Target - Alex Cross by James Patterson

Of all the many, many authors I read there's one author I always return to for a nice, quick easy read that brings me comfort. That author is of course, James Patterson. Over the years James Patterson has assembled a stable of authors and has steadily increased the number of books he releases year upon year. He is currently averaging over a book a month. I know many casual readers that read his books exclusively. I am not one of these people obviously as I tend to find the quality of the books he co-authors with others are a bit of a mixed bag. I tend therefore, just a stick to his Alex Cross series which James writes exclusively by himself.

Target: Alex Cross is the 26th novel in a series which has mostly been excellent. The books are very different from when they began with Alex cross as a detective hunting down the likes of Gary Soneji with his partner John Sampson. These changes have been organic but not always for the better.

At one point I thought James Patterson had written himself into a corner as Alex Cross solved more and more cases as a detective and got promotion after promotion. Consequently he was given more high-profile cases until he was dealing with terrorists and presidents. Thankfully, James Patterson readdressed this balance and the last few novels have concentrated on more intimate cases and have been all the better for it.

In this novel however he does indeed deal with an incident involving the President, here is the blurb.


Alex Cross and his family join men and women from across the nation lining the streets of Washington, DC to mourn the unexpected death of the President.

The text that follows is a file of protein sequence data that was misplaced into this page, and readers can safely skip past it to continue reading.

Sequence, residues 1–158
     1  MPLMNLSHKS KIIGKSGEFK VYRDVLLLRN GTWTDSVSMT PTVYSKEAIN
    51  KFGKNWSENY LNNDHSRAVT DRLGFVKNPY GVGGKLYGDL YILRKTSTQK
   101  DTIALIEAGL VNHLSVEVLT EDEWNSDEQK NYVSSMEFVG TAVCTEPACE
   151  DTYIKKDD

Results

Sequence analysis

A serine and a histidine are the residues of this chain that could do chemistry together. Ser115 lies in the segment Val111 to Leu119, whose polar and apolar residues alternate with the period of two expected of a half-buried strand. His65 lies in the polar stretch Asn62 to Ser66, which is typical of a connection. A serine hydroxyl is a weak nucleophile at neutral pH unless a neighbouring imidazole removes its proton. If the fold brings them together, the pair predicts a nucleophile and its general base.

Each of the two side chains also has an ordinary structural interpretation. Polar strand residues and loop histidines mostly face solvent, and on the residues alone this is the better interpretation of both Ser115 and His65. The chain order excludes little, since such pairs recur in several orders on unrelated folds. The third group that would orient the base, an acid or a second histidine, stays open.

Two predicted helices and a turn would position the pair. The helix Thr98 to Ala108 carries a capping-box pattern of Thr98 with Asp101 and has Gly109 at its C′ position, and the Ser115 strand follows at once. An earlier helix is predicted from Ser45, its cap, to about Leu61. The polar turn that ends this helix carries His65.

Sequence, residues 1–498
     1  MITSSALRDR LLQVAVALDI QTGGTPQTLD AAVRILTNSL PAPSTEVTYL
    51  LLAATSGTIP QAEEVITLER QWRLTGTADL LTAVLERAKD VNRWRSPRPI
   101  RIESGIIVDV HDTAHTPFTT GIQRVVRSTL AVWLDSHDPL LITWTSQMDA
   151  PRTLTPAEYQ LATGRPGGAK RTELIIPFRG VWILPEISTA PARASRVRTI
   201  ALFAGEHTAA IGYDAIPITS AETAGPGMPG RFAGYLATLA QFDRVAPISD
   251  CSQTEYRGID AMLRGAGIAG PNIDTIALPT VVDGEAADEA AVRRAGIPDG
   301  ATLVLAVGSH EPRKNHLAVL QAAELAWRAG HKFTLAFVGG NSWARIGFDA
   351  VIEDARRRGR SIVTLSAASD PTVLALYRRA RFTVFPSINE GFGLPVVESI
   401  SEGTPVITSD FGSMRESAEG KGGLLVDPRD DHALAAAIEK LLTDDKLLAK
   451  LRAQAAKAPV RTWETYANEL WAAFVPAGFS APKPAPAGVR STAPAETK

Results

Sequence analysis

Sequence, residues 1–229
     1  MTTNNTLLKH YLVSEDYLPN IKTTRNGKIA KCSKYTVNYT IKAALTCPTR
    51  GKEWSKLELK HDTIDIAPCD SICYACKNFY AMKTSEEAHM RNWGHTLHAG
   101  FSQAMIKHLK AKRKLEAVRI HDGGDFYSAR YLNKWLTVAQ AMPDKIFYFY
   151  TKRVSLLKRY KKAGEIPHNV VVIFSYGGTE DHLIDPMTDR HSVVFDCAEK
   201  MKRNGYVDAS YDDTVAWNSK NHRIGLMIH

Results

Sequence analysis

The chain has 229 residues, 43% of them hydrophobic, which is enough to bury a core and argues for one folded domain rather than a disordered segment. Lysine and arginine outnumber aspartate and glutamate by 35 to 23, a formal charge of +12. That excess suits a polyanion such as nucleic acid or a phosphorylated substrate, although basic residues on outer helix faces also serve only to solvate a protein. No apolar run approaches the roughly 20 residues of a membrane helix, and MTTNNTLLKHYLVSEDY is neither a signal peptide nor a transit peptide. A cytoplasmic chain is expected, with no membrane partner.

With the country still in shock, the assassination of a prominent Senator strikes another devastating blow to the heart of the nation's capital. As Chief of Detectives, Alex's wife Bree Stone faces an ultimatum: solve the case, or lose her job.


The new President calls on Cross to lead an unparalleled FBI investigation to help capture America's most wanted criminal. But what follows will plunge the country into chaos, and draw Cross into the most important case of his life.

The Review:

I mentioned I wasn’t a fan of the books where they got too high profile because I always thought they were a little outlandish. However, I thoroughly enjoyed this novel. Alex Cross’s children have all grown up and have lives of their own. I find this fascinating because as a loyal reader I have seen them grow up and personally have grown up with them.

The plot focuses on a series of assassinations to high ranking political figures including an attempted assassination of the President of the United States. Alex is drafted in to be a consultant on finding who is responsible for such heinous crimes, whilst his wife Bree is under extreme pressure from her boss as to why she has not done more in solving the murders. Running alongside this is a subplot where Alex has a patient in his role as a psychologist in dealing with a woman who cannot experience love.

The three plot threads are fascinating. Whilst Alex uses his experience and genius to help solve clues, he is far more fallible than normal, he misses things because he tries to juggle too much and he makes mistakes because he's tired and cares too much, basically he is human and that is great to see.

Unfortunately, the plot thread that I found the most interesting i.e. the one involving the patient is the one that is unexplored the most. Going forward, I would like to see Alex involved in a story where one of his patients is a criminal mastermind trying to outwit Alex Cross. I always think that he is at his best when he's up against the workings of a genius.

Bree struggles in her role and it is struggle mainly because she is living in the shadow of her husband and his reputation. This is a fascinating element to their relationship and one I would like to see explored further. Unfortunately, being James Patterson, the resolution is a little trite. There is no resentment on Bree’s part as she struggles to compete with Alex’s legend which is a shame. It would be good to see the strain it puts on their marriage and how much the case affected their relationship.